Calamity Clegg and House of Lords reform.
Just as intriguing is that, as we've seen, the myriad problems and contradictions of this hybrid government are currently not being reflected in either the opinion poll ratings or the local election results for the Conservatives. Andrew Lansley's plans for the NHS might be incredibly unpopular, the enlightened, slightly-Liberal Democrat influenced policy on law and order which got Ken in so much trouble today may be similarly disappointing many, yet for now at least it's having next to no impact.
Apparent as it is that the coalition is simply trying to do too much too quickly, primarily for the two key reasons that it isn't clear that it can survive for the full five-year term and even if it does it fears that Labour could still triumph then, while it's also taken on board Tony Blair's advice to pursue reform while the government is still fresh, the flurry of activity on all fronts might also be distracting enough attention to stop opposition coalescing against one specific policy. The march by around 5,000 disabled people against the welfare cuts received a surprising lack of coverage, especially considering the memories of similar protests during New Labour's first term.
It's in this context that we should perhaps see yesterday's statement from Nick Clegg on what the government intends to do about reforming the House of Lords. Having decided that it isn't a "third-term issue" after all, David Cameron was at the side of his human shield, the roles meant to be temporarily reversed. Given a direct choice between the two, everyone still chose to hit Clegg. Not that this wasn't warranted: still the main option on the table is for the new second chamber, a name for which is also yet to be decided upon, to be partially rather than fully elected. You would have thought that the abject failure of the AV referendum might just have suggested to the Liberal Democrats that compromises on such issues are doomed to failure when you don't in your heart of hearts support what you're arguing for, but apparently not.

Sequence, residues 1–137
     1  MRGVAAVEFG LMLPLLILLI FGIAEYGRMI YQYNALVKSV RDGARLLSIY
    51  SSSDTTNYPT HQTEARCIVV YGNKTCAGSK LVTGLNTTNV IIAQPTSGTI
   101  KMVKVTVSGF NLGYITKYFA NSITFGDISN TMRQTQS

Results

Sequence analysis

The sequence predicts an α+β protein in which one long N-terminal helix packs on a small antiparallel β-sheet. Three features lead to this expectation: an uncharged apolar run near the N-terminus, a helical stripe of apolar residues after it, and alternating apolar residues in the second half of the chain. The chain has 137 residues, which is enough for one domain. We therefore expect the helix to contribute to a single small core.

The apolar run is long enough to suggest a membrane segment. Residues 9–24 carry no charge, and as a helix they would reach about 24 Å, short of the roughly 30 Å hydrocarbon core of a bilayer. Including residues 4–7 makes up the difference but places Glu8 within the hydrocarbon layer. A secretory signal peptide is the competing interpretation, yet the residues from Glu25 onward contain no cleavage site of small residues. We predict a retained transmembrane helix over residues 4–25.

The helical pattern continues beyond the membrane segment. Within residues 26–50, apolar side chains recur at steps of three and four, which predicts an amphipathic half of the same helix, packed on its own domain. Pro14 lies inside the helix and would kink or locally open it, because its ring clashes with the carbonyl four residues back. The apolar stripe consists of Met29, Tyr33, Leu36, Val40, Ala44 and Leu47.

If the effective abolition of the Lords is meant to somewhat make up for the doomed attempt to change the voting system for Westminster, giving Clegg and the Lib Dems some crumb of constitutional reform to claim as their legacy, then it's a piss-poor substitute. Even those of us who regard the patronage and hereditary nature of the Lords as a ghastly, hideous, enraging anachronism that we've stubbornly clung to for far too long can hardly claim that it hasn't done a reasonably effective job over the last decade and a half of holding successive governments to account. This is all the more remarkable considering how many acolytes and apparatchiks continue to be stuffed onto the red benches, 789 (not including the 41 on current leave of absence or disqualified from voting) at the last count, something continued at an even faster pace by Cameron.
The arguments for change then have the potential to be just as questionable as those given for the alternative vote, especially when the Clegg solution is a long way away from perfect. His proposal for a "senate" of 300 members, elected potentially through a party list ballot under the single transferable vote, with 100 being voted for every 5 years to serve single, 15-year terms is almost as much of a mess as Jack Straw's dog's breakfast back in 2007. Terms of 15 years seem far too long, and as those elected cannot serve again it brings into question how they could be properly held to account once in office. The Lords also works well currently in spite of the party allegiance of its members, something that elections under such a system would have the potential to undermine. The use of PR will lead to accusations that peers rather than their colleagues in the Commons have more of a democratic mandate, even when the use of FPTP would be completely untenable. It's also woefully unclear just how those currently sitting would be removed over the same 15-year time period: not all are going to hang up the ermine without a fight.
In any event, the chances of any such reform happening in the short-term are laughably small. Even after the proposed joint committee reports its recommendations, it remains doubtful as to just how many Tories would vote with the whip on either an 80% or 100% elected second chamber, while it almost goes without saying that the Lords would dismiss either out of hand. Using the parliament act to force it through would also be dubious when the two coalition parties had differing policies in their manifestos on reform. As much then as this is a further sop to the Liberal Democrats, Cameron and friends can be fairly certain that it will never become law. Moreover, it adds to the pile of legislation and various policy papers that seem to be preventing the coalition from being properly held to account. Calamity Clegg, it's fair to say, has struck once again.